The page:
2. On the administrator tab, click the "Import" button to import requirements and their requirement types.

You can use this method for all projects. If you use the integration wizard shown in Figure 1, you can switch between projects and import one project at a time.

Figure 1. Integration wizard
Project Login screen

Tips:

  • You can do a bulk requirement import by selecting a RequisitePro package in the integration wizard that contains one or more requirements to import.
  • If you have multiple RequisitePro projects that you want to import into the composer tool, you can set up the integration by using multiple clients and then import from each client. This workaround can save time and effort, because one person can perform this task from one machine.

Note:
You cannot import document-based requirements at this time.

Import requirement types

Each requirement that you import to Rational Requirements Composer creates a corresponding requirement type, which ensures that you can create future requirements of this type, and eventually "push" these requirements back to RequisiteWeb for formal management. This effectively creates a new requirement in RequisitePro from the composer-based requirement.

Formal management implies tracing requirements and marking requirement trace links as suspect when warranted. RequisitePro handles these functions.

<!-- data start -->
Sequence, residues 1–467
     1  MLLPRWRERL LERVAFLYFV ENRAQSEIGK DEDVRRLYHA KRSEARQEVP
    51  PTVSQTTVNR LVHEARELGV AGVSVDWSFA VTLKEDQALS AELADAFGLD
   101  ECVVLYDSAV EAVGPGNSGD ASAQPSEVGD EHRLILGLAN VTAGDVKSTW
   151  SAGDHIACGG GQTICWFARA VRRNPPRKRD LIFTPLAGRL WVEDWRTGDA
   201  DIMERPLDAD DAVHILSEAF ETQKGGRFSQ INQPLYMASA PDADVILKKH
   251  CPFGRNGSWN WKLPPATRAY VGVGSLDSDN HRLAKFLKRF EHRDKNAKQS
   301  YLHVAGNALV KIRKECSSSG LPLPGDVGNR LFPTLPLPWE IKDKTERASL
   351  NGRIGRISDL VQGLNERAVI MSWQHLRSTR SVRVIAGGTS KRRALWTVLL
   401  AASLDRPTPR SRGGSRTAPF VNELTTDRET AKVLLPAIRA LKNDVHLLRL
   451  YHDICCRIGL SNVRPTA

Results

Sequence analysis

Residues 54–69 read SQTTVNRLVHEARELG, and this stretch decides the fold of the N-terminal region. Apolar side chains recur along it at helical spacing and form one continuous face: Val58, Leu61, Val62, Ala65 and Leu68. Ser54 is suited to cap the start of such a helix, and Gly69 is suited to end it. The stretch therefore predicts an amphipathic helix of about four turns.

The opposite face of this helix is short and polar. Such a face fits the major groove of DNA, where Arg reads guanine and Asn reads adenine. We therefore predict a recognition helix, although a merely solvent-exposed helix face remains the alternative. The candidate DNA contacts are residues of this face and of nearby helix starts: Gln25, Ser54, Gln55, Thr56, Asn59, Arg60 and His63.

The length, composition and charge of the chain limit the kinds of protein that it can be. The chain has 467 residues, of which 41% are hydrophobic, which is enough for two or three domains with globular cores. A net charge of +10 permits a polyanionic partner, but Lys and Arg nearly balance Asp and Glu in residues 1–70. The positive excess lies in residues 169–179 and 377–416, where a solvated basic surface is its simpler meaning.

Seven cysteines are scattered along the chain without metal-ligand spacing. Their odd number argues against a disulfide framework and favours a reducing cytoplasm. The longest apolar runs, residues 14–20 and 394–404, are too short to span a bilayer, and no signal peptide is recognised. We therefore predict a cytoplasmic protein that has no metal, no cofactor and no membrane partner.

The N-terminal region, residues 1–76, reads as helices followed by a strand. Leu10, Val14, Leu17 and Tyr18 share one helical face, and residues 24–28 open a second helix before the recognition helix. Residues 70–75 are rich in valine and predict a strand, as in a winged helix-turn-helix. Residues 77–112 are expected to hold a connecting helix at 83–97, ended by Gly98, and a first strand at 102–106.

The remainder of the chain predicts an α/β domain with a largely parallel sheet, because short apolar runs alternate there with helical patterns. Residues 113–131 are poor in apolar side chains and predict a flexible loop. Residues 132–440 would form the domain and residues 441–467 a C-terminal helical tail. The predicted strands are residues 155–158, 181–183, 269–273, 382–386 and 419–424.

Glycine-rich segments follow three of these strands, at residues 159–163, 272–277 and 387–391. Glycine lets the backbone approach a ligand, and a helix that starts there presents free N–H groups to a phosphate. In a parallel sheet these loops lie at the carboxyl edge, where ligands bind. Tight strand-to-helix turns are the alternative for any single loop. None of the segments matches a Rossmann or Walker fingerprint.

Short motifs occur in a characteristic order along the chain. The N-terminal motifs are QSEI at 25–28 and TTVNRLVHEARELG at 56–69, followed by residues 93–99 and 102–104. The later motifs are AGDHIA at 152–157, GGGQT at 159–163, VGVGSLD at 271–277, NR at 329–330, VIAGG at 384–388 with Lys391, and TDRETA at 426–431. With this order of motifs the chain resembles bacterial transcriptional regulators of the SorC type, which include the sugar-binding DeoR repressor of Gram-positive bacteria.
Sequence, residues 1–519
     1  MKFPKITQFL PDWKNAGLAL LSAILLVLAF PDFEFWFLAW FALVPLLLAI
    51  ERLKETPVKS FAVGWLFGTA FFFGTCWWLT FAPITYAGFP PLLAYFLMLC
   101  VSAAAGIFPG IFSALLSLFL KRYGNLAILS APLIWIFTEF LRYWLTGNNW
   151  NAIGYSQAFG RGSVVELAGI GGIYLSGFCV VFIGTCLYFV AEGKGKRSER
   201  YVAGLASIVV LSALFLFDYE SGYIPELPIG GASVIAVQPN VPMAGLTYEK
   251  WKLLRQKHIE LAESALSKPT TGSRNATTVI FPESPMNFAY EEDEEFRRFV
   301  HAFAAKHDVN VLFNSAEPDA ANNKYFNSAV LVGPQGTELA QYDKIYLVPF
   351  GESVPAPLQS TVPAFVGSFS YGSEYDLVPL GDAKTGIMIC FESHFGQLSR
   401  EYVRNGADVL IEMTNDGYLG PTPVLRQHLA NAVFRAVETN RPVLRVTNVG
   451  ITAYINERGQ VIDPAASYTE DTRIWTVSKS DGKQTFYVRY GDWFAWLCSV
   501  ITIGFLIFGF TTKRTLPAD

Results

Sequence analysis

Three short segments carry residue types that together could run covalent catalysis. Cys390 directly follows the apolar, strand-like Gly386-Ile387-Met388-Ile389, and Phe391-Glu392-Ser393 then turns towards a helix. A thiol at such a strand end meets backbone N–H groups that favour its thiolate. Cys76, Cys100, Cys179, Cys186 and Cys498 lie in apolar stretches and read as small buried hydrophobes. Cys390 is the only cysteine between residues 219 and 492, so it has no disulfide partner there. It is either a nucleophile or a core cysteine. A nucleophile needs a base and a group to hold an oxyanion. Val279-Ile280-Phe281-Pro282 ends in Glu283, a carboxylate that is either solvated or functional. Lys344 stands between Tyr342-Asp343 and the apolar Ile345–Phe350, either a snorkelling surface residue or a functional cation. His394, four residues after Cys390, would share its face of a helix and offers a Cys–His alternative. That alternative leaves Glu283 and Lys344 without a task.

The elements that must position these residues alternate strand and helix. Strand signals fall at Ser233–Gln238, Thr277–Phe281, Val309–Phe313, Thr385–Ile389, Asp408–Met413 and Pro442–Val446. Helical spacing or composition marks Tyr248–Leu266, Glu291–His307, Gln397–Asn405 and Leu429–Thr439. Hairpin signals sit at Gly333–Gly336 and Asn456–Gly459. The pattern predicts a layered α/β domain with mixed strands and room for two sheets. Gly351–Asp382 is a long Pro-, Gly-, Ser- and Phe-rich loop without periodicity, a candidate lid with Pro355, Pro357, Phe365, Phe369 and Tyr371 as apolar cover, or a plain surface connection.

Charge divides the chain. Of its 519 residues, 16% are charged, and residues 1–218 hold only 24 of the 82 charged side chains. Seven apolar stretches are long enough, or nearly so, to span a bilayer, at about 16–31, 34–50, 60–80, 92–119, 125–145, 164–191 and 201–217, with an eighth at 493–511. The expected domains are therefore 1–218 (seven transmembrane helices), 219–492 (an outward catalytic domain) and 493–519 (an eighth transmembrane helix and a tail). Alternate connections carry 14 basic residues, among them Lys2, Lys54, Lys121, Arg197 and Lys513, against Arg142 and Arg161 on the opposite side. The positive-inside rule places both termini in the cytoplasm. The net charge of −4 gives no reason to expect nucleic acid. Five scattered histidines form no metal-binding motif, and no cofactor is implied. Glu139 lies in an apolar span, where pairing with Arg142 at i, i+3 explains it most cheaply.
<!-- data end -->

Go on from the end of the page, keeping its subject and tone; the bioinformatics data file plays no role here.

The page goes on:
Tips:

  • If you have multiple projects that you want to define, repeat the previous step until all desired requirements and requirement types are imported to Rational Requirements Composer.
  • Create a folder and choose a meaningful name to store all of your imported requirements. The default is named "requirements."

Create new composer requirements from imported requirement types

After you have identified all of the requirement types from your various RequisitePro projects, you can create requirements based on these requirement types. You can also apply capabilities such as linking, commenting, and attribute values.

These requirements can also go through formal reviews in which stakeholders can use the Rational Requirements Composer Web client or the Eclipse client to review, comment, and approve the requirements and their associated artifacts.

You can use the Synchronize Attribute Groups feature (see Figure 2) to import requirement types and attribute groups from RequisitePro into Rational Requirements Composer.

Figure 2. Synchronize with RequisitePro
Synchronize Attribute Groups window

Tip: